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My Son The Jihadist

A 2013 YouTube video showed Kazakh jihadists active in Syria.

"They have good living conditions and money to buy food and clothes. They drive brand-new Toyotas… And they only think about war."

That's how Mukhambetkali Danikhanov describes the life of Kazakhs fighting alongside foreign jihadists in Iraq.

He saw it firsthand after traveling to see his own son, and if the militant group his son joined is the Islamic State, Danikhanov isn't saying.

His oldest son, Yerzhan, has been on the Kazakh authorities' wanted list since January 2014. But they won't find him in Kazakhstan. When last seen by his father, the 28-year-old Yerzhan was living in a "city in Iraqi territory" along with his wife and their three children.

"I can't say the exact name of the place. I'm not allowed to," Danikhanov told RFE/RL's Kazakh Service recently.

Danikhanov says the journey he took from central Kazakhstan's Karagandy Province to Iraq was relatively easy.

The journey took just over two weeks altogether, beginning in late May and ending mid-June, and took him to Iraq and back via Turkey.

"The children wouldn't like me to talk about it," Danikhanov says when asked for specifics. "It would disclose the routes they take. Besides, it would have unfortunate consequences for me, too."

Danikhanov says Kazakh authorities spoke to him upon his return, but he says there are no official barriers preventing from visiting Yerzhan.

"The authorities were only interested in the route I took to go there," he says. "They told me there are no travel restrictions for foreign trips if all the documents are in order."

Coal Miners

Yerzhan was brought up in Kengir, an impoverished, remote village in Karagandy. Like many other local men, both Yerzhan and his father were coal miners.

Yerzhan married and moved to the nearby town of Satpaev a few years ago. According to family members, Yerzhan's wife, Yuldyz, graduated from university with "flying colors" and got a college instructor's job in Satpaev.

The house where Yerzhan Danikhanov grew up.
The house where Yerzhan Danikhanov grew up.

Danikhanov says Yerzhan left for Almaty in February 2013 and two months later his wife and young children joined him.

Soon the family left Kazakhstan, saying Yerzhan wanted to receive a religious education in Saudi Arabia.

Danikhanov explains that Yerzhan would call his parents "from time to time". He would only say he was doing well, but wouldn't tell what exactly was he doing, the father says.

"Sometimes he would call from Turkey," Danikhanov says. "We heard they had a third child."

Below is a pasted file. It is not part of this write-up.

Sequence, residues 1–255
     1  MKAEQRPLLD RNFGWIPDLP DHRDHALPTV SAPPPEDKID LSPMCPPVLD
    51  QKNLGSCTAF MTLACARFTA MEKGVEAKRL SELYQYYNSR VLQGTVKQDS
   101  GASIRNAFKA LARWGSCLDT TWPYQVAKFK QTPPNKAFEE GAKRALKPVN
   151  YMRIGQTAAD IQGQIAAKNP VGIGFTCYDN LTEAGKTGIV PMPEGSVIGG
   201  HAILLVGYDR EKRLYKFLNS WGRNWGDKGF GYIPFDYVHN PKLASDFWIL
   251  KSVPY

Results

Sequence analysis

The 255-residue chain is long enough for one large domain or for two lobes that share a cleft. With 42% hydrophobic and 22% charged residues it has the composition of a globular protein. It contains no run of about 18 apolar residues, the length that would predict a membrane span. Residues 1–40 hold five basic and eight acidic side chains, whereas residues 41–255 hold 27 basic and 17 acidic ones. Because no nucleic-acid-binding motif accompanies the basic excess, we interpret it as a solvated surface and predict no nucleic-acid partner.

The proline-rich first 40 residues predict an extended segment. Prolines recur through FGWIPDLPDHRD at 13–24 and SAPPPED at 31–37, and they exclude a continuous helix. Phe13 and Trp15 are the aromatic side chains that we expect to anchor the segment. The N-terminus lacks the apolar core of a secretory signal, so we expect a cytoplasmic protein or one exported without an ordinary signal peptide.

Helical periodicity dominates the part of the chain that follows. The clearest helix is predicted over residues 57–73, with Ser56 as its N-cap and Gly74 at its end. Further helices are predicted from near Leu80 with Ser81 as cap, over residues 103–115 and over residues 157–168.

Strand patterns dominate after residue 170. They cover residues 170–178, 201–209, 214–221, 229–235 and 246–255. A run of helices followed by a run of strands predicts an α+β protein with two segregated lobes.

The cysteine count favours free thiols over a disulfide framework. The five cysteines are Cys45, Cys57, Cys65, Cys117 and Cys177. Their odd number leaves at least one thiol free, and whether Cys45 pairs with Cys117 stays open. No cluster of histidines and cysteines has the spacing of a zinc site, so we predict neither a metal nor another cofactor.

Soon after Yerzhan's departure, officials from the local government and mosque began questioning Danikhanov.

They would ask, "Yerzhan has gone to Syria, hasn't he?"

Local authorities suspected that Yerzhan and three other young men from the village of Kengir had joined Islamic insurgents fighting against government troops in Syria.

Shortly afterward, a YouTube video emerged that purported to show a "Kazakh family" of 150 people -- men, women, and children -- preparing for jihad in Syria.

Kazakh authorities identified many of "jihadists" on the clip posted online on October 2013.

Danikhanov says Yerzhan wasn't in that video, but he had no doubts his son had joined the insurgents.

Danikhanov and many other parents of the jihadists have called on Kazakh authorities to help to facilitate the return of their children.

He says Yerzhan initially fought in Syria before moving to Iraq. Danikhanov says he met several other Kazakh fighters at his son's place in Iraq.

"I don't know where they get their money from. I'm an outsider to them. It's their internal matter," Danikhanov says. "They don't talk too much."

Danikhanov says the Kazakh jihadists he met "take part in war."

"They have their own leaders -- emirs. They say they want to create a caliphate."

"It's no secret that many of the Kazakhs have died there, I saw their photos," he adds. "They don't know where their bodies are buried."

When his son was fighting, Danikhanov stayed home with his grandchildren and daughter-in-law.

"The children study in Arabic and Kazakh," he says. "Some of the Kazakhs have diplomas and they teach children at home."

Danikhanov says his son and other Kazakh jihadists have no plans to return home.

"Perhaps their families would return," Danikhanov says. "They could send back their families anytime. There are no problems along the way. So far, only women whose husbands were killed have returned home."

Danikhanov is planning to visit his son and his family again next year -- and hopes to return with two of his grandchildren.

Written by Farangis Najibullah, based on an interview by RFE/RL Kazakh Service correspondent Asylkhan Mamashuly and other Kazakh Service reports.